Visited her father in three years, despite the fact that she lives only a few miles away from the nursing home. The daughter ignores your question and continues to insist on a maximum level of medical care. She refuses to entertain the possibility of a do not resuscitate (DNR) order.
Her brother, however, agrees to the DNR and stated “It’s not as if he’s there really. Our father died a long time ago.” Upon further questioning, the son reveal he has the father’s power of attorney, and therefore has the authority to make the DNR decision in this case.
- What are the facts in this situation?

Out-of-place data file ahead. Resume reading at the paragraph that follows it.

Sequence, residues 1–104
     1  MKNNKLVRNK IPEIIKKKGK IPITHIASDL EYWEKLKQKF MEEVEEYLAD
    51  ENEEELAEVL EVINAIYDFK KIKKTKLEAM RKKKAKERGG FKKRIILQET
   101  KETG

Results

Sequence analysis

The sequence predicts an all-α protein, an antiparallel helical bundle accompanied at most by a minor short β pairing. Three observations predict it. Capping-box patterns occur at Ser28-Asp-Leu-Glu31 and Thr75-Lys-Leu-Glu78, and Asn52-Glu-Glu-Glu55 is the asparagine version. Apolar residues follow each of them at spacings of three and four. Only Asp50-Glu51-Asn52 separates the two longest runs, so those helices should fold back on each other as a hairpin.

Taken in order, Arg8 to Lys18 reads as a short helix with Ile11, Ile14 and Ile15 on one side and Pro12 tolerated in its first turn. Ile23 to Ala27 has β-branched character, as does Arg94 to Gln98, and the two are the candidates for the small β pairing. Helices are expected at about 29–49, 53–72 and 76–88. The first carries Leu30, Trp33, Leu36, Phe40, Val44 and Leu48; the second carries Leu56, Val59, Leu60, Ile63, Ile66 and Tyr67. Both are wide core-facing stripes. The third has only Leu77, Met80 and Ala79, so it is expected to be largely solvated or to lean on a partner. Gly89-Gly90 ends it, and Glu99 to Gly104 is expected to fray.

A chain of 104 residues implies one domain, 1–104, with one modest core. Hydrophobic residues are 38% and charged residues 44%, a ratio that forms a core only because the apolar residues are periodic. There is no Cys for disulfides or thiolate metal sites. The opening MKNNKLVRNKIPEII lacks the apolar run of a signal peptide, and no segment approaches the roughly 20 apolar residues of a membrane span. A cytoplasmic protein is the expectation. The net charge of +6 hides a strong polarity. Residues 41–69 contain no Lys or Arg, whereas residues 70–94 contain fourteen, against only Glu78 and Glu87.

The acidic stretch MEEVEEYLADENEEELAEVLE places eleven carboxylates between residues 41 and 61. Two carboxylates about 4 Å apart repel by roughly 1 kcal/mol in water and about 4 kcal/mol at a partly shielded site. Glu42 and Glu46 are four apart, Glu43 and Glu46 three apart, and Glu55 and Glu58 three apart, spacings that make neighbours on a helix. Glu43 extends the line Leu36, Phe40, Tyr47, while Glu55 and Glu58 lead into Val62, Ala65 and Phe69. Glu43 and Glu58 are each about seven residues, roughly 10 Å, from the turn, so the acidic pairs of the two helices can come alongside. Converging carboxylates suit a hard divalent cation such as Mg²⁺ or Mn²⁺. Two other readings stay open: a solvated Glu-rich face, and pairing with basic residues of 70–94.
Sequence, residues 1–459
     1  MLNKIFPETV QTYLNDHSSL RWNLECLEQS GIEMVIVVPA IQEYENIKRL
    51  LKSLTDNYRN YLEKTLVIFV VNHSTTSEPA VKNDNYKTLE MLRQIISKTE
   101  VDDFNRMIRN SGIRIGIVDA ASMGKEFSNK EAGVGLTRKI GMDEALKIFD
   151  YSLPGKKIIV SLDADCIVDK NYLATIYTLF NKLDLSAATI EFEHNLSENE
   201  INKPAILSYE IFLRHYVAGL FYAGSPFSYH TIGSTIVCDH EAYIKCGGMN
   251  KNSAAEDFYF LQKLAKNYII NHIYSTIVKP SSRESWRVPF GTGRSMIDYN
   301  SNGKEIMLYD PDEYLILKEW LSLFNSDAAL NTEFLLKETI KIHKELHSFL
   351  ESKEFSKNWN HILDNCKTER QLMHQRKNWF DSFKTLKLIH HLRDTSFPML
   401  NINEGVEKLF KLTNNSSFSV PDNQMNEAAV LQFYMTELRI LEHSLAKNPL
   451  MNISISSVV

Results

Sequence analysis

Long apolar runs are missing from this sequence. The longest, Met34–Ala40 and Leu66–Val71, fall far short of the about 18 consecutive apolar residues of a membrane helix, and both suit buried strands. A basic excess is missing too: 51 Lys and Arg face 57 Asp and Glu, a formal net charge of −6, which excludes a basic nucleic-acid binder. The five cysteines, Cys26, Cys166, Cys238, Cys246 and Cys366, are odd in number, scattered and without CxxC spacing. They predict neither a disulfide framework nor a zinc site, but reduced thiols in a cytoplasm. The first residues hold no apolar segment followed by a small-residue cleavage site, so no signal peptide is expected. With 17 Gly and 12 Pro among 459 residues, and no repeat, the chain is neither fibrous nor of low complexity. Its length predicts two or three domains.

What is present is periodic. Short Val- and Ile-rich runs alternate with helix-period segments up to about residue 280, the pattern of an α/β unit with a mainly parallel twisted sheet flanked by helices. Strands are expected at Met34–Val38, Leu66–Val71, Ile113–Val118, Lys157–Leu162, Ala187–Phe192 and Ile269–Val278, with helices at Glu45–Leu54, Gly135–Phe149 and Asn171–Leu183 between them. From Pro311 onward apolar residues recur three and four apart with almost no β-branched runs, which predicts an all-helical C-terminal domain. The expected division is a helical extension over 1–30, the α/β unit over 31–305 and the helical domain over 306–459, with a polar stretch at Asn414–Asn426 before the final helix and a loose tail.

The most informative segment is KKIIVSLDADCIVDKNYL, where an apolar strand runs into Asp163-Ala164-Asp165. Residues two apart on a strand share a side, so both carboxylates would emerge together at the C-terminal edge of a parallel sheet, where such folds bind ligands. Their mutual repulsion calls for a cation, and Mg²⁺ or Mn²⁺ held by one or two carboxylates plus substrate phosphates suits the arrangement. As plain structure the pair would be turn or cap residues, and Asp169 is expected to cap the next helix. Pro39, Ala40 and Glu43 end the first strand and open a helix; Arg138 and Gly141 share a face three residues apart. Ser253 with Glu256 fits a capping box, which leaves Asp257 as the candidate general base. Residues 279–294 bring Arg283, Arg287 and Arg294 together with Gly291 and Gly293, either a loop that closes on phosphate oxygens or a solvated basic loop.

- Autonomy, nonmaleficence, beneficence, and justice are the cornerstone, of the ethical decision making. What ethical dilemmas does this case illustrate?
- Have any principles of ethical decision making been violated in this case? What ones have been supported? How might our cultural upbringing personal assumptions, and opinions influence our decisions as health care mangers? Provide rationales for your responses.
- Based on what you know from this short case; why do you think Mr. Warden’s daughter is so insistent on wanting “everything” done for her father?
- What if Mr. Warden was wealthy and had a large estate? Would that change your opinion of the sons and his responses? Provide a rationale for your responses.
- If the son had no power of attorney, how could this issue be resolved? Can a physician decide to withdraw care without the consent of the family? Who has the final say in the care of a patient in this condition? Provide your reflections and persona opinion as well as your recommendations and rationale for your responses.